Making a Blackberry Melomel Mead
This recipe was inspired by some of the “Blackberry Crush” wines on the Homebrew Talk forums. It uses the Blackberry Crush juice from Trader Joe’s. Blackberry Crush is a blend of apple, grape, and blackberry juice; As well as blackberry puree. It looks like this. Thanks Google!
Use this juice + honey to make a mead. When I refer to cyser style below, I mean that I replaced all the water with juice. similar to how you use all apple juice in cyser or all pear juice in a perry.
Cyser Style Melomel
Mead using a blackberry juice blend.
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To begin, sanitize all your equipment. After sanitizing I poured half of 1 64oz jug of the Blackberry Crush juice. Then I poured the honey into the free space in that jug. Next I shook it into oblivion, and added the remainder of that jug with the honey in it. Finally, I just added more juice until the volume was 1 gallon. The must was already well aerated from all the shaking to incorporate the honey.
SNA: I added 50% of the total nutrients at pitch and will add 25% at first sign of fermentation and the other 25% the next day after fermentation. The color is a beautiful, very deep purple. Should be a really cool looking mead when all is said and done.
Still in lag phase. It will either kick in by the time I’m home from work, or over the next night.
Fermentation kicked off when I got home from work. Very small amount of foam. I added 1/4 tsp of nutrient (up to 75% total SNA). I’ll add the remaining 1/4 tsp when the gravity reaches around 1.063 (the 1/3 sugar break).
I went to check the gravity on this so I could add the remaining dosage of nutrients. The gravity was 1.013. In other words, way past the 1/3 break, and actually nearing the end of fermentation. I put this in the closet to finish up on its own. I’ll check the gravity again next weekend and stabilize it if it’s finished. I’ll backsweeten it a tad and add the lemon once the yeast have been killed off.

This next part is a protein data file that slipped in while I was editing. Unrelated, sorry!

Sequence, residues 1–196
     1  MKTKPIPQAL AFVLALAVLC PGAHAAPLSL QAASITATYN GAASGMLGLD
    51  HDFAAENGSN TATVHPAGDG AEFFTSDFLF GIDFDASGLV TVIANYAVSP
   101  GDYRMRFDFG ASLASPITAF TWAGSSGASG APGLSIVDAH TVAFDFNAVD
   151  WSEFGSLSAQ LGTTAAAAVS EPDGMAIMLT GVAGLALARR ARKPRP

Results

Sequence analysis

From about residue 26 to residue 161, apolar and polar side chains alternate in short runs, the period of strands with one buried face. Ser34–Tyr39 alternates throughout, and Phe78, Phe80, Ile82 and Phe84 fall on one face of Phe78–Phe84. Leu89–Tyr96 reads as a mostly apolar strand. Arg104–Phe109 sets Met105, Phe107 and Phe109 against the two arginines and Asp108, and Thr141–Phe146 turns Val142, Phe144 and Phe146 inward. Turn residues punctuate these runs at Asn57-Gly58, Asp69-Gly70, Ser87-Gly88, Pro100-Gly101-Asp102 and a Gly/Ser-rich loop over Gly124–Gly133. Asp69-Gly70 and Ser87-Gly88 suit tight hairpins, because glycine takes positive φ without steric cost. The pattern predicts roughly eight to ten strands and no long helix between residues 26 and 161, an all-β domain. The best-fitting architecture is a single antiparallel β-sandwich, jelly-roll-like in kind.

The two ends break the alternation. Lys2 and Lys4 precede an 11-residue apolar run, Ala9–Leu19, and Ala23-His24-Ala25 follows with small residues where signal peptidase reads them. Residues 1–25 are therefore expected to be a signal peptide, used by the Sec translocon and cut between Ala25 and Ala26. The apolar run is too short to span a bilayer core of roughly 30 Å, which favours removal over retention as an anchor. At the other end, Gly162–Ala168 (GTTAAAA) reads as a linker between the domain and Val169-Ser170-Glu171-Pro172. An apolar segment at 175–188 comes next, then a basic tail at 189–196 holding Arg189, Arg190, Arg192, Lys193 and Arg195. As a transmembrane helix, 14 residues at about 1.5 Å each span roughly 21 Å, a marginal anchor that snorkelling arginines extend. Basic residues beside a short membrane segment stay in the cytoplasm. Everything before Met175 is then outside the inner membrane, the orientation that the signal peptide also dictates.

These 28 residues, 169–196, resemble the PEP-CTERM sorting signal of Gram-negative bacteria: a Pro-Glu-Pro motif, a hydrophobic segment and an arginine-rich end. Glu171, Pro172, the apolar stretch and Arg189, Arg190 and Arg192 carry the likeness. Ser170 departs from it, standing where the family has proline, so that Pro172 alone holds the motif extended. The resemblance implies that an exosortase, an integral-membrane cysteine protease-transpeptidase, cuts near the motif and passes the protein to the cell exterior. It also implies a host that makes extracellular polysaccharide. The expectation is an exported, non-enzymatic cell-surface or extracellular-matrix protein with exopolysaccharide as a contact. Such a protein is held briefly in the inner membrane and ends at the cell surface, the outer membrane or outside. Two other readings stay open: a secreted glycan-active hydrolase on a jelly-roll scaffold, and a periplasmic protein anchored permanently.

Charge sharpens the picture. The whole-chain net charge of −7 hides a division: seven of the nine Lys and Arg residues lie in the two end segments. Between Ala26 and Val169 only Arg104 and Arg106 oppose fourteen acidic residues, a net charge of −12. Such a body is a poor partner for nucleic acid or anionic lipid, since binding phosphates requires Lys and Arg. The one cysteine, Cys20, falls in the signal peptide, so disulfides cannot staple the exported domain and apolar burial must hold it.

Just a taste test today. Was really good as far as young meads go. Especially dry ones. Still a lot of blackberry notes which is good because it means that the flavors weren’t all blown off in primary fermentation. Just enough tartness from the blackberries. Not overpowering at all. I changed my recipe plan from adding a few segments of lemon to oaking it instead.
Added bentonite today. Once that has done its thing, I’ll rack this off primary into secondary, on top of stabilizers and oak. That oak should really meld well with the tart blackberry notes in this mead.
Taste Update: Good tart notes survived fermentation. I still need to rack off the lees. No autolysis to report to this moment but there is a good 3/4 of an inch of sediment on the bottom. Not very clear in bulk, but looks similar to a blueberry mead in the glass. It’s further along than I had thought.
Racked off all the lees finally. There were a ton, so hopefully most of them have dropped out. Not sure this mead will ever be clear in “bulk” (similar to my bochet). In a glass, and traveling through the siphon lines, the color is a clear but deep purple. Didn’t taste test this time since I knew it was doing fine last month and figured I’d save the rest for a finished product.
Gravity Check 1.001 ABV 12.25%. I tasted the hydrometer sample and it’s coming along very nicely. the acid from the blackberries brings on a subtle sweetness that is clearly reminiscent of blackberries. There are a few notes of fussel alcohols, but I have no doubt that some age will knock them down no problem. In bulk it is very dark. A flashlight won’t shine all the way through but you can detect some clarity, but the mead is definitely 90% or more cleared (as you can see from the hydrometer sample picture, my hand is clearly seen through it.) I added oak to this mead for the final stretch of bulk aging before I age this out in bottles.Share this content
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